Have you ever felt a shift from caregiver pride to self-sacrificing egoist?
4. “I feel completely responsible for their happiness, safety and wellbeing.”
I shared in a previous blog that we cannot be responsible for anyone’s happiness but our own. A physician disagreed with my post, but I stand by that sentiment. I feel strongly about it because I’ve experienced what it’s like to feel guilty because a loved one’s life has been struck hard by illness or injury. We can feel so bad about their situation that we, naturally, might want to take all of their pain away and take on the job of making up for all of their losses. That’s a recipe for disaster for a couple of reasons.
First, it is their life and their path. We are here to support and help them, but we cannot take away their lessons or pain or growth in trying to remedy the situation.
Second, if our ship goes down, no one stays afloat. I remember when I had terrible back problems after my first husband’s illness became acute. I realized that I had to lose weight and take better care of myself because our household’s survival depended on me being healthy and able to work.
Do you feel overly responsible for your loved one’s life? How does this belief take away from you caring for yourself?
5. “Only I can provide care for my loved one.”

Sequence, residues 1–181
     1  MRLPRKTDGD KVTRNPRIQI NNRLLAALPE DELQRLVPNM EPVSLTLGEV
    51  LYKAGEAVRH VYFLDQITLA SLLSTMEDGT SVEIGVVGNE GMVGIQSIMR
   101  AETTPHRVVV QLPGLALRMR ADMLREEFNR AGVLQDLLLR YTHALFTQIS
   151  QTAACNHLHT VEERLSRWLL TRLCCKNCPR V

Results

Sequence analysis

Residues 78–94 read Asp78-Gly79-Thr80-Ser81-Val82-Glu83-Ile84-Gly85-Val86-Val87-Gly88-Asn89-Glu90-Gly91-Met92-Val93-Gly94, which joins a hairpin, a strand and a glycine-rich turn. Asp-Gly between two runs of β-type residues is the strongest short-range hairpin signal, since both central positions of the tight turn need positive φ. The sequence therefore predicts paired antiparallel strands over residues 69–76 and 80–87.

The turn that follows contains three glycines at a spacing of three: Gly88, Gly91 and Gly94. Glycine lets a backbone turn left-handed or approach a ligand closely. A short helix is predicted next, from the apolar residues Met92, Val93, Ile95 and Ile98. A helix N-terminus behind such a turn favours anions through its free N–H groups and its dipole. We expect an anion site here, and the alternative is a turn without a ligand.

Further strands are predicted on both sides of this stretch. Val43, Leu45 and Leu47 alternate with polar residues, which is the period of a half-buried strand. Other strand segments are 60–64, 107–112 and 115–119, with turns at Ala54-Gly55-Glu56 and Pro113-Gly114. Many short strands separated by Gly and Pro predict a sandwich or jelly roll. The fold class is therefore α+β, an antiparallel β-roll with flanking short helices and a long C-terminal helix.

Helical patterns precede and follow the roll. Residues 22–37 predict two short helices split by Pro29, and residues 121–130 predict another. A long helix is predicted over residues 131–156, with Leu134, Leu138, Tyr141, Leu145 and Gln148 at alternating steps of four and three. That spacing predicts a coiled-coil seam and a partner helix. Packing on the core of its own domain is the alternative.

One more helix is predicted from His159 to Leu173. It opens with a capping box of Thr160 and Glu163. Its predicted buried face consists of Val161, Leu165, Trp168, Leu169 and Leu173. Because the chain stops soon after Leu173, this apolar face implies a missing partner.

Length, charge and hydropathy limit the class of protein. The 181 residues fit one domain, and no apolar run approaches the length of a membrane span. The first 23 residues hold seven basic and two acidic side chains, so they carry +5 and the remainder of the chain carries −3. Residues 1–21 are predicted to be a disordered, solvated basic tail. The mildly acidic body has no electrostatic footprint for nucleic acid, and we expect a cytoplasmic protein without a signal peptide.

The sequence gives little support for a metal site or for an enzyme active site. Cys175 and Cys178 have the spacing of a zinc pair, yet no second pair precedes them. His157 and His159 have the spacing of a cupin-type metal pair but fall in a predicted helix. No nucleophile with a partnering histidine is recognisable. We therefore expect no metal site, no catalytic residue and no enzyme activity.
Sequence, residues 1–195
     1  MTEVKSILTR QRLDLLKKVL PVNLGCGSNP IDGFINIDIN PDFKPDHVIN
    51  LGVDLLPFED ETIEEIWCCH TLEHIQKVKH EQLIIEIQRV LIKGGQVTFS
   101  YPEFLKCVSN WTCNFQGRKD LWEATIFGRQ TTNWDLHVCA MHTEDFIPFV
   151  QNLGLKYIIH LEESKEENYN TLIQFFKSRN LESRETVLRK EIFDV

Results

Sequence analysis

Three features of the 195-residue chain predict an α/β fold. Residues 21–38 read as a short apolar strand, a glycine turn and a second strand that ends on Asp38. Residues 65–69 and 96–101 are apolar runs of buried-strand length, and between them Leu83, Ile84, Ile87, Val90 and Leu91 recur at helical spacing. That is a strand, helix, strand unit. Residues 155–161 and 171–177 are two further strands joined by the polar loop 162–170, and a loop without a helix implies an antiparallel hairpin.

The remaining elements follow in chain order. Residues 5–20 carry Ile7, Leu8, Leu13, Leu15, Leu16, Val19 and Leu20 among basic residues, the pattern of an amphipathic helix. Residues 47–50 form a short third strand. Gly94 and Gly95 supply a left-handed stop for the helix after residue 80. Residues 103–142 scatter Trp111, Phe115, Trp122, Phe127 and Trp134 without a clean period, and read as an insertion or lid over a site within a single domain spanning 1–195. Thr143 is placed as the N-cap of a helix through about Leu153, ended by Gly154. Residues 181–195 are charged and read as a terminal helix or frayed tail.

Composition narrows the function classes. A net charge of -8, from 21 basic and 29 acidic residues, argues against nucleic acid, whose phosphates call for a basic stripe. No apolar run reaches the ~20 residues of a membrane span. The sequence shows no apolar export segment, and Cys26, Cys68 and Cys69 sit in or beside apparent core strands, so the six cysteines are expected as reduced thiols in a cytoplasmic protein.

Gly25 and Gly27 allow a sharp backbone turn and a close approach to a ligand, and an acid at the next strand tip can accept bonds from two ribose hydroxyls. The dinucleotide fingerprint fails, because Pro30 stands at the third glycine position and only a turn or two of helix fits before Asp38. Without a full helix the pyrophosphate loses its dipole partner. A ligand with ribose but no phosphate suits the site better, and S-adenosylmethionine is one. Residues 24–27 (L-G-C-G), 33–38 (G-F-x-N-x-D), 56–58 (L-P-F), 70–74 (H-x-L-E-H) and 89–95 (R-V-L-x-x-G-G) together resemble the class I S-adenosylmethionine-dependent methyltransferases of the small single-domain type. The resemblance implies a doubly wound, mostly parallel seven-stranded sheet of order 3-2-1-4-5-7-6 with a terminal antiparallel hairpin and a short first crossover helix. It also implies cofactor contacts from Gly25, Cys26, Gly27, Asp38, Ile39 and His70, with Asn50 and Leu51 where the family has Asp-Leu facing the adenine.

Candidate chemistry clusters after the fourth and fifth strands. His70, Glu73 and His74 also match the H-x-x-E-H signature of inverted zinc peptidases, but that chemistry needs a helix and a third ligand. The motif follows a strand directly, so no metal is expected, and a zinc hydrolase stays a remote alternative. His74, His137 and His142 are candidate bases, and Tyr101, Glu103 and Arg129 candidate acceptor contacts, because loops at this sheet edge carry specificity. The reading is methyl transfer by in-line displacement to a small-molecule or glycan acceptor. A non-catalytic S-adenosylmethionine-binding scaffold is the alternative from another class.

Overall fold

This thought is related to the one that goes “I have no one to help me.” Sometimes it can feel really good to be “the only one.” When no one else can care for them like we can, it’s a badge or pride. I’ve been guilty of the thought that someone else won’t do it like I do it. Although my dad might not care, I may be picky about how it needs done to my standards. Here, again, our ego can get in the way of self-care. That’s when “good enough” is a prudent approach.
When do you let perfect get in the way of good enough? Has seeking perfection in caring for your loved one cost you time to care for yourself?
6. “I don’t want to let my loved one down and he/she expects a lot from me.”
There’s nothing wrong with wanting to do right by our loved ones and give them what they need. But, if we build up false or unrealistic expectations that we can never meet, we’re doomed to fail. Sometimes I know what the task requires and can deliver on it. Other times, I ask my dad what he would like done and I set boundaries around what I can do. Even then, our loved ones may be disappointed or critical that we didn’t do enough.
I have found it helpful to clarify expectations with my dad, but if what he wants is really outside of what’s possible for me, I try to compromise. In the end, however, my goal shouldn’t be that our loved one always gets their way, but that we both have our needs met as best as possible.
Have you felt you left your loved one down or that their expectations of you are too high? Is that their expectation or yours?
Ironically, what creates a great caregiver can, also, make us sensitive to a lot of beliefs that don’t serve us or our loved ones well. As I explore what holds me back from taking better care of myself, I can find the path to being a better caregiver for us both.